In Act 3, Scene 2, Antony addresses the crowd of plebeians (commoners) that has assembled after Caesar's assassination. Speaking after Brutus's logos-driven explanation for Caesar's murder, Antony takes the opposite approach—he uses the rhetorical device of pathos to appeal to the audience's emotions and elicit grief, rather than elation, over Caesar's death.
I speak not to disprove what Brutus spoke,
But here I am to speak what I do know.
You all did love him once, not without cause.
What cause withholds you, then, to mourn for
O judgement, thou art fled to brutish beasts,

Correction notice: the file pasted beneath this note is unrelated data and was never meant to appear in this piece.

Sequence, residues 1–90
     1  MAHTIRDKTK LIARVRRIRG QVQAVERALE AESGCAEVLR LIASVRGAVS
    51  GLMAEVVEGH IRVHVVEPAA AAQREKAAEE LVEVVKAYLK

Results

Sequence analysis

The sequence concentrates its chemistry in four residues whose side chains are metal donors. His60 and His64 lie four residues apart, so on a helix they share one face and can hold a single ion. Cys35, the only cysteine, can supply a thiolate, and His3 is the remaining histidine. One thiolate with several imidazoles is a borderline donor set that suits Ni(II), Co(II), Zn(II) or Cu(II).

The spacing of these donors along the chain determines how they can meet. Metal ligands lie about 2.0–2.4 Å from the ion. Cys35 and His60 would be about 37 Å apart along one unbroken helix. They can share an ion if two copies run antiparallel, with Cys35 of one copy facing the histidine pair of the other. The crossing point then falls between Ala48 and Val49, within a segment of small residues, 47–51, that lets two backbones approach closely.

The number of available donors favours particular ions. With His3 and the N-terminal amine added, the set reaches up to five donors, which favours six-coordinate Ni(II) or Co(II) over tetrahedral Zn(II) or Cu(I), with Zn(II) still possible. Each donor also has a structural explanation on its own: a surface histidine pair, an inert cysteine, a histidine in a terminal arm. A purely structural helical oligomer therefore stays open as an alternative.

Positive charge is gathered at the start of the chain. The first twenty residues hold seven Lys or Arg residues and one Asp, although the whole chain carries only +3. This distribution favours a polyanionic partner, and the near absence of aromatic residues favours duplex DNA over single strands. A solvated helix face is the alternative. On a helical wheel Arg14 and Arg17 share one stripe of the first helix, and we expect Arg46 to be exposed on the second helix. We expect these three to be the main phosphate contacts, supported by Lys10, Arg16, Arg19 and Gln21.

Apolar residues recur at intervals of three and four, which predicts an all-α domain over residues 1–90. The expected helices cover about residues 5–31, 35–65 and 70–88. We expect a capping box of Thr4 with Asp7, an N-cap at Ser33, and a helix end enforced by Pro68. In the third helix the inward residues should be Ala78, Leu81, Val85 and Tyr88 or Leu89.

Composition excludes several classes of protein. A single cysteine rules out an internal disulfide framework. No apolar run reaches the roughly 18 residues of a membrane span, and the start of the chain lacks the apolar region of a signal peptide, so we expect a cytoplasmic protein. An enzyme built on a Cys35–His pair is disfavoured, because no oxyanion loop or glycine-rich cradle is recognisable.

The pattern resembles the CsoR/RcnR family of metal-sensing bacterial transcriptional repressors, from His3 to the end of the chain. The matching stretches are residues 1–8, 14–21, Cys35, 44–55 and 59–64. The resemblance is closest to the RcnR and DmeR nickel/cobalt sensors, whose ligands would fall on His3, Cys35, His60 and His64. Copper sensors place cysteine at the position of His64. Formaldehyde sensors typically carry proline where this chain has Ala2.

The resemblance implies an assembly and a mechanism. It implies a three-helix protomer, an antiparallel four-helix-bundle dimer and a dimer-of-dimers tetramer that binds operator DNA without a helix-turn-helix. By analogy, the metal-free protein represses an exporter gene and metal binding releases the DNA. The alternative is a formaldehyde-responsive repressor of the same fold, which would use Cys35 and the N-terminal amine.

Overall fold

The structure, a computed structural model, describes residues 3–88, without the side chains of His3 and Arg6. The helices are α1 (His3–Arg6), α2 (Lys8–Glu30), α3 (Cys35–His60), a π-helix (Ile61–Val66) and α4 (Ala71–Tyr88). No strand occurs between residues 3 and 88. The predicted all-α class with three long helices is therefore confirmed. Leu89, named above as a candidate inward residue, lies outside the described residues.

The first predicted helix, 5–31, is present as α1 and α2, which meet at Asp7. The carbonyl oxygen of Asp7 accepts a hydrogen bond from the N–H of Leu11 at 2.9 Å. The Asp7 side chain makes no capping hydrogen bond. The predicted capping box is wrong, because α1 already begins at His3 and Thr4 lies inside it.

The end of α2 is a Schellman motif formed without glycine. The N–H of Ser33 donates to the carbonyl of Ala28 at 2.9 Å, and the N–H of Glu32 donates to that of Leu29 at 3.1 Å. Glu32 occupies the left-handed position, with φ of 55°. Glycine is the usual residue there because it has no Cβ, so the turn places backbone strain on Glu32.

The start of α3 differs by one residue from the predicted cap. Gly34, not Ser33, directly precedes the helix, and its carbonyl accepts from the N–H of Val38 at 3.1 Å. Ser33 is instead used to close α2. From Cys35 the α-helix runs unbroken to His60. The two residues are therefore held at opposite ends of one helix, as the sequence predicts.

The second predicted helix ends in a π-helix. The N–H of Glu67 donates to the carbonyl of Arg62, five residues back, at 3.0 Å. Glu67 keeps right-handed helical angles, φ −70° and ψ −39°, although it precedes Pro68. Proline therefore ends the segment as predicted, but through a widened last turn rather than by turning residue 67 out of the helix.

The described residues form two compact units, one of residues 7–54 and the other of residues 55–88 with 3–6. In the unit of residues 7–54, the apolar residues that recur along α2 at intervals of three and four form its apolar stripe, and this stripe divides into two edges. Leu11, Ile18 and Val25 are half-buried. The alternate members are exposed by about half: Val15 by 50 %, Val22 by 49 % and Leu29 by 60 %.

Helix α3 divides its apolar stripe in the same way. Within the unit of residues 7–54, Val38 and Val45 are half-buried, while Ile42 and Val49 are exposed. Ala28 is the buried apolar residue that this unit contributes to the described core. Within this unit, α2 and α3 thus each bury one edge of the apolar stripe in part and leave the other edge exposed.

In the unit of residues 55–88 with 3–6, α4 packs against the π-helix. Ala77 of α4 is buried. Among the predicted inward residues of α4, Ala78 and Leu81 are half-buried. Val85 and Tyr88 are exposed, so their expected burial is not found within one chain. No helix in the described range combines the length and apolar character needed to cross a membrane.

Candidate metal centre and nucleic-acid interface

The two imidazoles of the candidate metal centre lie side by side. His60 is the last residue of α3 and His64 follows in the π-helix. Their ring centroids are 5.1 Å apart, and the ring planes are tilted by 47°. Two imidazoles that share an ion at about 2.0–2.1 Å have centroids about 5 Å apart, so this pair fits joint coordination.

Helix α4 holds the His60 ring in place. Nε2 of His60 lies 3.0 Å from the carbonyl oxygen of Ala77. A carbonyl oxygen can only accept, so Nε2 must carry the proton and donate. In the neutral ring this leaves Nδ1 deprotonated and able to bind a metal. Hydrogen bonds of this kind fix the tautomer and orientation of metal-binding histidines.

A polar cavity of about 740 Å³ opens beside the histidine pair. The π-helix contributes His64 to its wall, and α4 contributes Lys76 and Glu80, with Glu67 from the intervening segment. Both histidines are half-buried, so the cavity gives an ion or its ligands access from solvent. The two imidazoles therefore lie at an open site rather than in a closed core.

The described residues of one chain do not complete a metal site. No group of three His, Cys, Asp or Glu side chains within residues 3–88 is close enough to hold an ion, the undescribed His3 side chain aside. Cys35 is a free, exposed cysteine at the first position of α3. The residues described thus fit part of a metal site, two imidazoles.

And men have lost their reason!—Bear with
My heart is in the coffin there with Caesar,
And I must pause till it come back to me.
As he continues through his speech, Antony begins to inject more and more emotion—appealing to the love the crowd once felt for Caesar and his own anguish over Caesar's death. He even reduces himself to tears as he reflects on Caesar’s demise and the fact that the crowd celebrates, rather than grieves, the fallen statesman. Even the structure of Antony's speech mirrors his pathetic appeal, as Shakespeare has written it in blank verse to harness the sensory effect and emotional impact of poetry. Shakespeare juxtaposes the remarks made by Brutus and Antony to trace the power of different modes of political speech—though Brutus successfully makes a case for the murder of Caesar, it is Antony who wins over the crowd by capturing their hearts.